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5-Formylcytosine alters the structure of the DNA double helix

DOI: 10.1038/nsmb.2936 DOI Help

Authors: Eun-ang Raiber (University of Cambridge) , Pierre Murat (University of Cambridge) , Dima Chirgadze (University of Cambridge) , Dario Beraldi (University of Cambridge) , Ben Luisi (Department of Biochemistry, University of Cambridge) , Shankar Balasubramanian (University of Cambridge)
Co-authored by industrial partner: No

Type: Journal Paper
Journal: Nature Structural & Molecular Biology , VOL 22 (1) , PAGES 44 - 49

State: Published (Approved)
Published: December 2014

Open Access Open Access

Abstract: The modified base 5-formylcytosine (5fC) was recently identified in mammalian DNA and might be considered to be the 'seventh' base of the genome. This nucleotide has been implicated in active demethylation mediated by the base excision repair enzyme thymine DNA glycosylase. Genomics and proteomics studies have suggested an additional role for ​5fC in transcription regulation through chromatin remodeling. Here we propose that 5fC might affect these processes through its effect on DNA conformation. Biophysical and structural analysis revealed that 5fC alters the structure of the DNA double helix and leads to a conformation unique among known DNA structures including those comprising other cytosine modifications. The 1.4-Å-resolution X-ray crystal structure of a DNA dodecamer comprising three 5fCpG sites shows how 5fC changes the geometry of the grooves and base pairs associated with the modified base, leading to helical underwinding.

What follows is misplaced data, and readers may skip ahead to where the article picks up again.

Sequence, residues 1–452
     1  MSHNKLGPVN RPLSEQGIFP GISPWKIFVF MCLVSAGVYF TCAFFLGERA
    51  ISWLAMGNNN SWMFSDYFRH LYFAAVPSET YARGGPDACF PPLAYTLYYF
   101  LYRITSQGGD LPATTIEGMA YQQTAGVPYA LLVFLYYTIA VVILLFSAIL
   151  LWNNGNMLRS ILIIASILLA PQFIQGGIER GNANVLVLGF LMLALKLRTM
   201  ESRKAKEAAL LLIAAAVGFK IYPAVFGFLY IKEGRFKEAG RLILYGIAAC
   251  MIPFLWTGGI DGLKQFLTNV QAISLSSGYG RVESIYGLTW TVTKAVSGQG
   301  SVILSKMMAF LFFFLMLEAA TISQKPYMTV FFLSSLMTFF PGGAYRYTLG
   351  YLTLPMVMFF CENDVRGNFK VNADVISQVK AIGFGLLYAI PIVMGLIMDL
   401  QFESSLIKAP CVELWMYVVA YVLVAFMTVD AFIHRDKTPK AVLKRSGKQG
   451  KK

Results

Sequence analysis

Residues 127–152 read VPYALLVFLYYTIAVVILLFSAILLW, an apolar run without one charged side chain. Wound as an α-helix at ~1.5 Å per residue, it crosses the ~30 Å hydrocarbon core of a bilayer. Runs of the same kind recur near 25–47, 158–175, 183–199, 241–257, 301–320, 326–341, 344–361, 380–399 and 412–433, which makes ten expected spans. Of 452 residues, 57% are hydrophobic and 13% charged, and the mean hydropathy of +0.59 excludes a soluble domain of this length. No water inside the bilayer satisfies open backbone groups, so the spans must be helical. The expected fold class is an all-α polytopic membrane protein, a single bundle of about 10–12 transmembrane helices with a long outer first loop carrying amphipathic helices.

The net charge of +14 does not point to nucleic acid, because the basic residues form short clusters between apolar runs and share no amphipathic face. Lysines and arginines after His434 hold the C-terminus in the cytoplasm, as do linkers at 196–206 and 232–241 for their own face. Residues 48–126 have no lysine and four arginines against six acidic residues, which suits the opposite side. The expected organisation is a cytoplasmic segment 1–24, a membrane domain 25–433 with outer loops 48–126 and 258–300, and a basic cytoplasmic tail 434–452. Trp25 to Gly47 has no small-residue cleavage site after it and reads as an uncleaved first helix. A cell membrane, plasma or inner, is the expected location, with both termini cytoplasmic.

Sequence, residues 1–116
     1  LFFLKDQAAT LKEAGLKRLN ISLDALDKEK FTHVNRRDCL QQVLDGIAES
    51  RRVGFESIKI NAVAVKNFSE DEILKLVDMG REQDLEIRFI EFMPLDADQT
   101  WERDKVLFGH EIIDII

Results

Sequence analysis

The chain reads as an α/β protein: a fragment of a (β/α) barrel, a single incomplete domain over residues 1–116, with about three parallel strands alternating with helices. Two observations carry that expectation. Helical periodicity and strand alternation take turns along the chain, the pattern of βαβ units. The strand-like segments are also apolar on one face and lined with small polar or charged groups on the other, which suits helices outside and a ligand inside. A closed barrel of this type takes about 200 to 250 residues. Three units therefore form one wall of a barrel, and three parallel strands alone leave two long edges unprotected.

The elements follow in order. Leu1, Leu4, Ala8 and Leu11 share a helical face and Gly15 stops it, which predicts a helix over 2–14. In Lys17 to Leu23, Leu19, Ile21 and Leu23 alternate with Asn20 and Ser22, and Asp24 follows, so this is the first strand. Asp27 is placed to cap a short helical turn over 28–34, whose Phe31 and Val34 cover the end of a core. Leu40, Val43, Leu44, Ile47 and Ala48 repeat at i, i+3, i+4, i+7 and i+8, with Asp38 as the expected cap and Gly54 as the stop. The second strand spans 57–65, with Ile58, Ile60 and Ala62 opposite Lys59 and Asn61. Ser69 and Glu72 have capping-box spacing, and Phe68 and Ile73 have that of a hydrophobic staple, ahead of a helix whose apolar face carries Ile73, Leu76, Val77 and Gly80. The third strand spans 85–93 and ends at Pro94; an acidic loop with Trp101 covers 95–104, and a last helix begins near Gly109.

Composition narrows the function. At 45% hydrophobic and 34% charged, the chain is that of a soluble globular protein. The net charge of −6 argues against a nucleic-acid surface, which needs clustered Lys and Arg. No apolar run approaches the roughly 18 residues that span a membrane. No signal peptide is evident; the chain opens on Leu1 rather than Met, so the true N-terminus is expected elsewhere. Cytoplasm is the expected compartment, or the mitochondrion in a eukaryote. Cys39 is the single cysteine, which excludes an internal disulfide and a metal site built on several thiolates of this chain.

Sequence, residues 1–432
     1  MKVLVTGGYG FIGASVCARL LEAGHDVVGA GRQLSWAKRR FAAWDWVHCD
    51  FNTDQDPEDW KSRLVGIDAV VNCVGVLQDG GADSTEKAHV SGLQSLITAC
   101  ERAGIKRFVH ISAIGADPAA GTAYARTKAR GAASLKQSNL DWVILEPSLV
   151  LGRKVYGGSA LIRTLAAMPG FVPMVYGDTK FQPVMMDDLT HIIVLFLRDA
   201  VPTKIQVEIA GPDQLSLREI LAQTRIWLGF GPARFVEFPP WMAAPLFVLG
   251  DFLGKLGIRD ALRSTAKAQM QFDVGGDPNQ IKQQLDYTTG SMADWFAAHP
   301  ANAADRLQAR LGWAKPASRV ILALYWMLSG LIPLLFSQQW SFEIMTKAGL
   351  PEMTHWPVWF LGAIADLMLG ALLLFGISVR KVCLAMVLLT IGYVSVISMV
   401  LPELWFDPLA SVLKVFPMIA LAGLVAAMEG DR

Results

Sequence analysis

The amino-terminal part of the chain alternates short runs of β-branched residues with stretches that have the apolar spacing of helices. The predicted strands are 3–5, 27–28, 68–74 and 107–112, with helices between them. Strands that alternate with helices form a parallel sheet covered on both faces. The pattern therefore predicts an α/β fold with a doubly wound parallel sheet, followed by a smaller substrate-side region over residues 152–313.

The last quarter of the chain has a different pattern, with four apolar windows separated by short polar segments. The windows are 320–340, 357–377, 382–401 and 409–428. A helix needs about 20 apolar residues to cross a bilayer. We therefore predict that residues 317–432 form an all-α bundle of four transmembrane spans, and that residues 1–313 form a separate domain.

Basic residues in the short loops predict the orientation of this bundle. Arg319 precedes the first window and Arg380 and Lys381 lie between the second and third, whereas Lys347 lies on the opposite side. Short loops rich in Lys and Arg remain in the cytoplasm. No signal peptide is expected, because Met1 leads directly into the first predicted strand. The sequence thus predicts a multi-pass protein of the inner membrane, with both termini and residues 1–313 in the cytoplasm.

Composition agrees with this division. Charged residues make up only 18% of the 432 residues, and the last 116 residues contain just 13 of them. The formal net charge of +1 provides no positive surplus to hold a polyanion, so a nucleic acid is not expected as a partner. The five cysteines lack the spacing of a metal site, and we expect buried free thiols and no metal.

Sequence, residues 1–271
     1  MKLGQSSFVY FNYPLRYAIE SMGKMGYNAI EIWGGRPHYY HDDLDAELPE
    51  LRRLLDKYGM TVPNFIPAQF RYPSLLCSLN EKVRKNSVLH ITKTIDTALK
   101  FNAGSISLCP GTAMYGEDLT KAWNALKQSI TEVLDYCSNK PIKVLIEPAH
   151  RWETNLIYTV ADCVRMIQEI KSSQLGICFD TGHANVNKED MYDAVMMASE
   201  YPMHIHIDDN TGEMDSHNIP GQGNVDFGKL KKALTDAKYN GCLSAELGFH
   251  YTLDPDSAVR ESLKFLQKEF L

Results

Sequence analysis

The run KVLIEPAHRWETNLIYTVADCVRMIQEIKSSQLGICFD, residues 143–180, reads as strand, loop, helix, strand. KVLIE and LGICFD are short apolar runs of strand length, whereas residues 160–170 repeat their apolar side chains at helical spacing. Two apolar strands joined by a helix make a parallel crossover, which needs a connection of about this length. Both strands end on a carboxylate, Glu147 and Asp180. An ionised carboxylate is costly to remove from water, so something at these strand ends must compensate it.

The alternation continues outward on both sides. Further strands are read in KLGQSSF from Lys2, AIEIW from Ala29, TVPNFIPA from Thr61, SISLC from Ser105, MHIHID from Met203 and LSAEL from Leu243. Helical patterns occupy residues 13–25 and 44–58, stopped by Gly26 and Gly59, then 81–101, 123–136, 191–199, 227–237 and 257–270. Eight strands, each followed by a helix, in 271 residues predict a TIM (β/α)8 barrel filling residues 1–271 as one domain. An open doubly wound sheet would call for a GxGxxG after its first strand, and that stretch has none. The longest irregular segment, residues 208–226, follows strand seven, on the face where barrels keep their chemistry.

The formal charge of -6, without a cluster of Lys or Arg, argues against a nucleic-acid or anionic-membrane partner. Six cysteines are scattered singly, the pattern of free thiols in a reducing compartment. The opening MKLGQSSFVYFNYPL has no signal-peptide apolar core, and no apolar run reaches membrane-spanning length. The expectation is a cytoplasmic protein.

Subject Areas: Chemistry


Instruments: I24-Microfocus Macromolecular Crystallography

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